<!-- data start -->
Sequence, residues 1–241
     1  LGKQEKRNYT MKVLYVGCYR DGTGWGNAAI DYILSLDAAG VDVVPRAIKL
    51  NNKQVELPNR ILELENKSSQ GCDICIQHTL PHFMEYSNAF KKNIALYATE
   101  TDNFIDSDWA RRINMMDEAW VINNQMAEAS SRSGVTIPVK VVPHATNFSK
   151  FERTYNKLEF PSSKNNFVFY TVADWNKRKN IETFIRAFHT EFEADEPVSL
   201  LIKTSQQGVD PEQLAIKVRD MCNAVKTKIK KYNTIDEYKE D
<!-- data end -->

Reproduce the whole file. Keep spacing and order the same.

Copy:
Sequence, residues 1–241
     1  LGKQEKRNYT MKVLYVGCYR DGTGWGNAAI DYILSLDAAG VDVVPRAIKL
    51  NNKQVELPNR ILELENKSSQ GCDICIQHTL PHFMEYSNAF KKNIALYATE
   101  TDNFIDSDWA RRINMMDEAW VINNQMAEAS SRSGVTIPVK VVPHATNFSK
   151  FERTYNKLEF PSSKNNFVFY TVADWNKRKN IETFIRAFHT EFEADEPVSL
   201  LIKTSQQGVD PEQLAIKVRD MCNAVKTKIK KYNTIDEYKE D